Washington (CNN) – The last U.S. World War I veteran to die will receive an honors burial at Arlington National Ceremony next week, Sen. Jay Rockefeller, D-West Virginia, announced Friday.
"Allowing our country to pay its respects to Mr. Buckles and all of our courageous World War I veterans is necessary and important. It's a fitting way to say goodbye to our last Doughboy – a man whose life spanned more than 100 years and who was our last living American connection to the Great War," Rockefeller said.
Rockefeller had been seeking permission to hold a public ceremony in the U.S. Capitol honoring Buckles, who died at the age of 110 on February 27, but House and Senate leadership turned down his request.
In a statement released last week, Rockefeller expressed disappointment that legislation to allow Buckles to lie in honor in the Capitol Rotunda had been blocked by House Speaker John Boehner.
"This is a big disappointment and a surprising decision by the Speaker," Rockefeller said in the statement. "Surely, Speaker Boehner can agree that the Congress should pause for a moment to pay its respects to Mr. Buckles and all our World War I veterans."
But Boehner spokesman Michael Steel said that no legislation has been blocked, and said that Boehner and Senate Majority Leader Reid decided that Arlington National Cemetery is a more appropriate venue.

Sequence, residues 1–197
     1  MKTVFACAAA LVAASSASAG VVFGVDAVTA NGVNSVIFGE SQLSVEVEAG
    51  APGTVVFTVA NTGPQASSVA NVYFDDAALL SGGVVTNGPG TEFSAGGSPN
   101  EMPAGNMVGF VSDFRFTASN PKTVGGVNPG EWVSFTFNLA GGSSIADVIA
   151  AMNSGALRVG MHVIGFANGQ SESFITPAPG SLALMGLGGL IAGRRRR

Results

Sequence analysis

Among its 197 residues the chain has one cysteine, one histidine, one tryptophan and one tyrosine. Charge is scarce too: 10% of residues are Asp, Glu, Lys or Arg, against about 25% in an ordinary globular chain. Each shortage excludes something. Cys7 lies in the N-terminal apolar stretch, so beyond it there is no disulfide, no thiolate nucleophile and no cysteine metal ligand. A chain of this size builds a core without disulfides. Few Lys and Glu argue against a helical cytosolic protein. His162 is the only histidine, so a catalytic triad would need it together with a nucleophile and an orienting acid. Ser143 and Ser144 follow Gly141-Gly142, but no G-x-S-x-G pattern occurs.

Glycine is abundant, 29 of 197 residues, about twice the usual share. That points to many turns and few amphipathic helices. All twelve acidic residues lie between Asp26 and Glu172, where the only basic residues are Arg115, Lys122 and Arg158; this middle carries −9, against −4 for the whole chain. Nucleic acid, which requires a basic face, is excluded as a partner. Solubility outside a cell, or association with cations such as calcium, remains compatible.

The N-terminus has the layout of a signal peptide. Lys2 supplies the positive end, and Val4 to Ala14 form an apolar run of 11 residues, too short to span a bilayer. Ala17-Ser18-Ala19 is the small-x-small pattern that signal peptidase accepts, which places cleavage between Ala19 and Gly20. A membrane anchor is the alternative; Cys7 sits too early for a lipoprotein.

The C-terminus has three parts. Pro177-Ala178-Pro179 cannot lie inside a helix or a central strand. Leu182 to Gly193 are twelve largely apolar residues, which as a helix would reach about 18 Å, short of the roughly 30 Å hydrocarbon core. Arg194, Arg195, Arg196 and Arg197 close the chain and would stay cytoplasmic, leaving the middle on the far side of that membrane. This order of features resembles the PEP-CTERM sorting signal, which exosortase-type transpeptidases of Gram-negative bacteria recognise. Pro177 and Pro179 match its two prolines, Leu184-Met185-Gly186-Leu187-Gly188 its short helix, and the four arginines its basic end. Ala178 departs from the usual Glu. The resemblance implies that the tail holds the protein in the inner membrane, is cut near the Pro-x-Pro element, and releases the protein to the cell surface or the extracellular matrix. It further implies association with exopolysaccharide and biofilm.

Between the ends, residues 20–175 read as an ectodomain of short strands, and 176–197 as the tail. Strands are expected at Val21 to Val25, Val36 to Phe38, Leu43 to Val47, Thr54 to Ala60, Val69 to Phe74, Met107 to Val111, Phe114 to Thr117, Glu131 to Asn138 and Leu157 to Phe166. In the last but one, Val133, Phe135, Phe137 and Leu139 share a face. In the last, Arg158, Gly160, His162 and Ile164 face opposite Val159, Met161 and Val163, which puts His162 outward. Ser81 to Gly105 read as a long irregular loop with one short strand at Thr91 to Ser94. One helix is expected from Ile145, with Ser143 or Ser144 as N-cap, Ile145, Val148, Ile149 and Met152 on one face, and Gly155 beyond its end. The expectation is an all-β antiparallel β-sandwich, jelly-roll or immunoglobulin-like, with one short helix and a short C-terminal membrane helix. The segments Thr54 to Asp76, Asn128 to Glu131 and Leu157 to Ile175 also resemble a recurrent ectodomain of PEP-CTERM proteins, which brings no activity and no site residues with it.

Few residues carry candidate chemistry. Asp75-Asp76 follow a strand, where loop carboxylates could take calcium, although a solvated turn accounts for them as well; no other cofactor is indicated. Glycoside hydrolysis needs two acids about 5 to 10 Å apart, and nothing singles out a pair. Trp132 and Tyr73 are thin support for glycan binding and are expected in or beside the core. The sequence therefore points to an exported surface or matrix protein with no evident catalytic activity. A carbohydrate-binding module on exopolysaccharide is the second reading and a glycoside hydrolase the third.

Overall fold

"Everyone honors Mr. Buckles' service to the United States, and the extraordinary sacrifices made by every member of our Armed Forces who served in World War One," Steel said. "That's why Speaker Boehner and Senate Majority Leader Reid will ask Secretary Gates to allow Mr. Buckles' family to use the amphitheater at Arlington cemetery for his memorial service – surrounded by honored veterans of every American war."
Buckles dedicated that last years of his life to advocating for the creation of a national World War I memorial on the National Mall. He made several trips to Washington to work with members of his congressional delegation to persuade lawmakers to grant federal status to an existing World War I monument that currently only honors residents of the District of Columbia.
Both Sen. Rockefeller and Republican Rep. Shelley Moore Capito - who represents Buckles' West Virginia district - have been strong supporters of Buckles' advocacy of World War I veterans, and have cosponsored legislation to rededicate the District of Columbia War Memorial as the District of Columbia and National World War I Memorial.
Buckles will lie in honor for public viewing at Arlington from 8 a.m. to 2 p.m. on March 15, and will receive full military honors during a private burial service. Flags will also be flown at half-staff on the day of his burial.